Douglas Carswell

11 FEB 2013

I've changed my mind about nuclear power

One of the daftest things in politics, as Daniel Hannan has pointed out, is to be against something simply because you don't approve of those in favour. Or conversely, to favour something because of those against.

An awful lot of politics is, alas, driven by precisely this sort of calculation.

How many Lib Dem MPs talking about Europe are Europhile because of any careful assessment of the Euro project? Often, I suspect they are enthusiasts for all things EU because of what they imagine to be the Eurosceptics opposed.

I must admit that I, too, have been guilty of this lazy way of thinking, particularly when it comes to nuclear power.

For years, I just sort of assumed that I must be pro-nuclear. Why? Well look at the right-on, lefty, Guardianista, peace-niks opposed? The more I heard whiny, eco loons telling us we should not have nuclear power, the more convinced I became that it must be the right thing to do.  And as for the safety thingy, coal mining kills more people, right?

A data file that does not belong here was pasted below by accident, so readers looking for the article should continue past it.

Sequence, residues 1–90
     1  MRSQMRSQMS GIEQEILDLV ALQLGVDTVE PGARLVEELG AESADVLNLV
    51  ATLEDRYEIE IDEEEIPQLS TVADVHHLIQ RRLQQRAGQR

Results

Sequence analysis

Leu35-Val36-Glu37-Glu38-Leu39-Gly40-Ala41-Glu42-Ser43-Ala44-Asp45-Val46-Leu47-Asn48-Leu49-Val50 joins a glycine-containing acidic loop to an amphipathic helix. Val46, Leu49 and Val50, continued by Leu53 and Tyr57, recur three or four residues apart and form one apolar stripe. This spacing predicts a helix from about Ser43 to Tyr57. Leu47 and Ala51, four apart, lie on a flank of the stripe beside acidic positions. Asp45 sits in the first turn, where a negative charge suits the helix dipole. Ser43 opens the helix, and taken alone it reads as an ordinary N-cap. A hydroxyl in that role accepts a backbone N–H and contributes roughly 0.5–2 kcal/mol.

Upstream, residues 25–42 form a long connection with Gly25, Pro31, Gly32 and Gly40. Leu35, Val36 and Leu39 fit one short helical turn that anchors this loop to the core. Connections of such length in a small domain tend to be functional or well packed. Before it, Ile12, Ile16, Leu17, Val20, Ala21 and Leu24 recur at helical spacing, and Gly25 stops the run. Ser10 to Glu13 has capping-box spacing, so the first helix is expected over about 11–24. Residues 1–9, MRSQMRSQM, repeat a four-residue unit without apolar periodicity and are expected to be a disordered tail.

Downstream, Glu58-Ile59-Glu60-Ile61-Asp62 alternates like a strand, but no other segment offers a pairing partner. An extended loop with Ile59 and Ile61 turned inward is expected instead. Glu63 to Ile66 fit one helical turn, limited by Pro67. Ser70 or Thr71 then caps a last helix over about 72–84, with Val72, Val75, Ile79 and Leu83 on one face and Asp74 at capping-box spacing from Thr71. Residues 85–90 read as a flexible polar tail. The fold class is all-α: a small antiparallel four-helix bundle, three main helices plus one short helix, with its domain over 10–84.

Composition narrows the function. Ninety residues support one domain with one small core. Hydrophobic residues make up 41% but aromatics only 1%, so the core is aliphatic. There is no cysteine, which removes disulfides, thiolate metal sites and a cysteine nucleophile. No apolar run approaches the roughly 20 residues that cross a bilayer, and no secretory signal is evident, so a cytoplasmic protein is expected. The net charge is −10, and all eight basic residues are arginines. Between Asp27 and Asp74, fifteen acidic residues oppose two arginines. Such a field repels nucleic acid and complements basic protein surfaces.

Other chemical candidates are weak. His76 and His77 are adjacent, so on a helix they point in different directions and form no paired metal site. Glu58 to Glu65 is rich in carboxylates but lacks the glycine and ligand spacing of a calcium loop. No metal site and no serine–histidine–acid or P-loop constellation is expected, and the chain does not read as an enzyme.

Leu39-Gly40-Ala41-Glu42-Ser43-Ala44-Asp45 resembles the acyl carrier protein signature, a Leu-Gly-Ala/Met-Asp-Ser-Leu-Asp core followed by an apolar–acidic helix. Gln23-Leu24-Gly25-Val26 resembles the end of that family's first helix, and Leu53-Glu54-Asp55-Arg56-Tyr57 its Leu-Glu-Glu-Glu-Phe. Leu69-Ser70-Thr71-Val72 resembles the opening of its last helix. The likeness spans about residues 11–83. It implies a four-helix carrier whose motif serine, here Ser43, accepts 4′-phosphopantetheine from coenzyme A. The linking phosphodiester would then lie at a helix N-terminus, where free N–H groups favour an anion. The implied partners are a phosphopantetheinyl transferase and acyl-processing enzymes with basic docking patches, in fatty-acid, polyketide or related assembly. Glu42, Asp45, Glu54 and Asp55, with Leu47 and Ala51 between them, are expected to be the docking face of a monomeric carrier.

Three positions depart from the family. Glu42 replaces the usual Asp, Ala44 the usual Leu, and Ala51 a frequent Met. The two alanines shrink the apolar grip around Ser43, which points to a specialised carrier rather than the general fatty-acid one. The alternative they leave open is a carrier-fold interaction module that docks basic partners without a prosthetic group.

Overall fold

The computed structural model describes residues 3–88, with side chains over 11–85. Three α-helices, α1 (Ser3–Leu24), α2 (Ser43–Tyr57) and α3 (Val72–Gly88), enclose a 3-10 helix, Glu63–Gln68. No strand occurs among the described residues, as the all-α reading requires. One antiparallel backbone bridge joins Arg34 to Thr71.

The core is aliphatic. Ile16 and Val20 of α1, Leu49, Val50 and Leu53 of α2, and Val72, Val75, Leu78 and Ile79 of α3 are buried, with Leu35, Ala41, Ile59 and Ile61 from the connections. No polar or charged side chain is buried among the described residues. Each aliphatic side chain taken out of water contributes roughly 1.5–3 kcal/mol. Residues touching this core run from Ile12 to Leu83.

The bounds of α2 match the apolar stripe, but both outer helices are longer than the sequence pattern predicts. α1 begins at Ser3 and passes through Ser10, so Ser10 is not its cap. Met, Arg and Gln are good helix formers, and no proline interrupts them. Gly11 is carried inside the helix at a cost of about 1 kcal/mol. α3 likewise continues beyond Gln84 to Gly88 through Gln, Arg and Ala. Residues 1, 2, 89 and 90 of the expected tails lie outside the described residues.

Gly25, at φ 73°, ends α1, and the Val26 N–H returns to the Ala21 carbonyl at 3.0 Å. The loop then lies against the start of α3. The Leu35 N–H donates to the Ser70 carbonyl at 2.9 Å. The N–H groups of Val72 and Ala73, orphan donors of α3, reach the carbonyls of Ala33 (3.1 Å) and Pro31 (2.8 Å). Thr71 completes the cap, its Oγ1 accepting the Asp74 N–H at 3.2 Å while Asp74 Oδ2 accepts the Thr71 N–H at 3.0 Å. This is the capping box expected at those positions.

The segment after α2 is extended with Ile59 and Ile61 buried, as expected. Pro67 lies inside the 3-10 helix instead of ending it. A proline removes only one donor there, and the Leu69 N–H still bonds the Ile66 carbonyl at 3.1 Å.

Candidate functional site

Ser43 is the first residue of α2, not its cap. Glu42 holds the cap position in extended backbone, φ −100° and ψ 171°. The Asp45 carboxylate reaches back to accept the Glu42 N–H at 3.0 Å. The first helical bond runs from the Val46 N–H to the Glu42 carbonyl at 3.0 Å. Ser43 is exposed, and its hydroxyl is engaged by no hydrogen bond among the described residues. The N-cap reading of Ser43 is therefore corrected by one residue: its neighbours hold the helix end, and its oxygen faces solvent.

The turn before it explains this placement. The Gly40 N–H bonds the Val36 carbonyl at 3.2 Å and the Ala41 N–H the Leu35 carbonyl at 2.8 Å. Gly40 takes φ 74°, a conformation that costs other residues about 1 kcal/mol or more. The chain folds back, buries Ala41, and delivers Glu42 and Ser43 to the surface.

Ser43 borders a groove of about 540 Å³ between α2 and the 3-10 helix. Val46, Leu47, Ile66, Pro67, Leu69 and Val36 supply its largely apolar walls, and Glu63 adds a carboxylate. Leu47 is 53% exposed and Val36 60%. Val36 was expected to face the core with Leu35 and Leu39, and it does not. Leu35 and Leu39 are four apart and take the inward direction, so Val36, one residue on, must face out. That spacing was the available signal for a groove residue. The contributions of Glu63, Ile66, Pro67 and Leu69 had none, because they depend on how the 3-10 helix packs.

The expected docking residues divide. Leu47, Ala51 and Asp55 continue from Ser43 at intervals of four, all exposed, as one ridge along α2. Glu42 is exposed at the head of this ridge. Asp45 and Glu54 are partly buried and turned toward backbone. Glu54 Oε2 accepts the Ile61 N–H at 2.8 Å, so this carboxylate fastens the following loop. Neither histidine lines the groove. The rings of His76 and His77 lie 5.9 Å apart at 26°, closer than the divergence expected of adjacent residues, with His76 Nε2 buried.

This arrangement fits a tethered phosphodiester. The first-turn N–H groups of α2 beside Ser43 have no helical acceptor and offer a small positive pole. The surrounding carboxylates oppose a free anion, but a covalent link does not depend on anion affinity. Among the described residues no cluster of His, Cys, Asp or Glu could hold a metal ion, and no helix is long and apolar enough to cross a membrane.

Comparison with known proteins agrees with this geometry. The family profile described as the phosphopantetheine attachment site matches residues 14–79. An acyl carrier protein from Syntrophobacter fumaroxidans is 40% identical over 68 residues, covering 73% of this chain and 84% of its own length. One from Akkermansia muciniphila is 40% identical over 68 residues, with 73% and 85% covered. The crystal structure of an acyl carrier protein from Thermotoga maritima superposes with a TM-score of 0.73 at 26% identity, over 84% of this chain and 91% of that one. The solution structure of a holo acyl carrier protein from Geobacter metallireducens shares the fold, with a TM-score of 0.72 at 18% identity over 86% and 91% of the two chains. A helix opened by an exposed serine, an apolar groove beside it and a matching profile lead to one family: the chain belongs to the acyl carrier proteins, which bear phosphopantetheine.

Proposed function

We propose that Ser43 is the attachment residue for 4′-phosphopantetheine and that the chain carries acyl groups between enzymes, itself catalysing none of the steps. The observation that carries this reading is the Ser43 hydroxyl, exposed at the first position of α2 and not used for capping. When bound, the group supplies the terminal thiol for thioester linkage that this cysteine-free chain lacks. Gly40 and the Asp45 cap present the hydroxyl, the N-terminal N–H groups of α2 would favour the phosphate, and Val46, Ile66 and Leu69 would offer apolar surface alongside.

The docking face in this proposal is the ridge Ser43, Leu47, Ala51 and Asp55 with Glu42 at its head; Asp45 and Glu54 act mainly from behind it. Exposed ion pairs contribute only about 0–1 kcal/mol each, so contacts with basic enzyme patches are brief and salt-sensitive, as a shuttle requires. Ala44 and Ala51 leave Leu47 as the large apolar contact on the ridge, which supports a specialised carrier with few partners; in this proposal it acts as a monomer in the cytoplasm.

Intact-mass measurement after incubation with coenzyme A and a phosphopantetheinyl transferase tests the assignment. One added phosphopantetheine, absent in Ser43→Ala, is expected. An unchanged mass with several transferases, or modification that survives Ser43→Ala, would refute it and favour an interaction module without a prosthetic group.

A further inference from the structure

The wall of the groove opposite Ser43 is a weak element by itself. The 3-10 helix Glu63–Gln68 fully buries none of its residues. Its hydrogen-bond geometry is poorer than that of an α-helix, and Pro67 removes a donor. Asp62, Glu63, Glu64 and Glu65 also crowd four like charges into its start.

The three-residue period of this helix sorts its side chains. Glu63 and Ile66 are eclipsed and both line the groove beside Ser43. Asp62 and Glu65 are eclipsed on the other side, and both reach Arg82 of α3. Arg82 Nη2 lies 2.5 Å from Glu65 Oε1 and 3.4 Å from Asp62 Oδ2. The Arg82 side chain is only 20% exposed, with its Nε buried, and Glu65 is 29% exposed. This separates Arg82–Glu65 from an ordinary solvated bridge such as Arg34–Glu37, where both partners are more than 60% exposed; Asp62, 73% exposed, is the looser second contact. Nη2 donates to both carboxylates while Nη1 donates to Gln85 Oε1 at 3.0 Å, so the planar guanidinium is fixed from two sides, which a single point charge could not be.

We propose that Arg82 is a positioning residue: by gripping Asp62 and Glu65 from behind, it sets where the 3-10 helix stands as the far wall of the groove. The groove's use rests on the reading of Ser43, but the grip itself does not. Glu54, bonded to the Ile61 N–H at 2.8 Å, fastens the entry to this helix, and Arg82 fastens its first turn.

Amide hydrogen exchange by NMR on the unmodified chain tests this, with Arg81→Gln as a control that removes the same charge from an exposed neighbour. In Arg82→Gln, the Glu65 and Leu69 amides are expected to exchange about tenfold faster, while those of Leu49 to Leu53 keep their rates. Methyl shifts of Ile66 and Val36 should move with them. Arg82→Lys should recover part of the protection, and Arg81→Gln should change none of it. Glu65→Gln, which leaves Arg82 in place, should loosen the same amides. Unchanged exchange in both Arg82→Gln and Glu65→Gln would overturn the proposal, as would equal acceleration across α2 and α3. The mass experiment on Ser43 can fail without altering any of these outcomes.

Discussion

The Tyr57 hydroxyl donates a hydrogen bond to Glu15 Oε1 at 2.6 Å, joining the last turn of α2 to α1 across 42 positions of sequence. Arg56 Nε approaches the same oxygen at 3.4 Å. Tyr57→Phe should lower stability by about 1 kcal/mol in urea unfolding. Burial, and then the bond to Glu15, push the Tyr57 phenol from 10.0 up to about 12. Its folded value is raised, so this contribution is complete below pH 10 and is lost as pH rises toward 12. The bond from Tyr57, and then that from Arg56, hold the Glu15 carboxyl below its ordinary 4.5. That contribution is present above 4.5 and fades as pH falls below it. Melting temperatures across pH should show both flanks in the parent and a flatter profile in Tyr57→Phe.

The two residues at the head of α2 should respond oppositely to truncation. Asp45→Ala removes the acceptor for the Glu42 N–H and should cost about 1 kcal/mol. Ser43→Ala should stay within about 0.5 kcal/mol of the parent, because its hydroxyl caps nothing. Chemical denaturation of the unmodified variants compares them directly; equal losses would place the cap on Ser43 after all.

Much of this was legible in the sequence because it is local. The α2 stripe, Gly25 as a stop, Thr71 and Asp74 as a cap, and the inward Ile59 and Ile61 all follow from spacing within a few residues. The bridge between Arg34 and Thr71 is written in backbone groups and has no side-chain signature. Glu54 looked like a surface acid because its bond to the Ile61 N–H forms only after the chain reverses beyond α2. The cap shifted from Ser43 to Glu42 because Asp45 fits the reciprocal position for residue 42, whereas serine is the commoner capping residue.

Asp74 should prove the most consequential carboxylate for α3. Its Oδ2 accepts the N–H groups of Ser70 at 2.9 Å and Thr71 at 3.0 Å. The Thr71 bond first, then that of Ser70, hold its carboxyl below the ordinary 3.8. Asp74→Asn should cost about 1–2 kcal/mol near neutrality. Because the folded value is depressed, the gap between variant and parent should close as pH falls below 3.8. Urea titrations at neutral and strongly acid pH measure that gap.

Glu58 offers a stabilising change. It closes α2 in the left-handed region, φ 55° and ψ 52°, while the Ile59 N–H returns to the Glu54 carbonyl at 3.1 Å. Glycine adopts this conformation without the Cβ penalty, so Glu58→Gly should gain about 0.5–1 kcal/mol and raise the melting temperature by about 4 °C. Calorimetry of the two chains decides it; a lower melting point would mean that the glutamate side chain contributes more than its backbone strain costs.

The trouble is that I am starting to suspect that given current technology, nuclear power is simply not economic. We just do not seem capable of building them without massive subsidies.

If you oppose wind turbines, as I do, not because of the technology, but because of the subsidy, how can you favour nuclear? Opponents of wind subsidies often complain about the cosy collusion between the big suppliers and government – hidden subsidies, guaranteed margins. It is as nothing compared to what happens in the nuclear sector.

Nuclear power is not just a bad way of generating power.  The crony corporatism that it spawns is no great way of running a country either.

There have been two game changing developments in the energy sector in recent years; first the emergence of shale gas, and second the collapse in the unit cost of solar panelling. The former means that gas is back big time. The later, that we will see millions of roof tops around the world covered in solar panelling over the next decade or so.

Perhaps nuclear power will turn out to be like Concorde? Once apparently so modern and cutting edge, it ended up obsolete.

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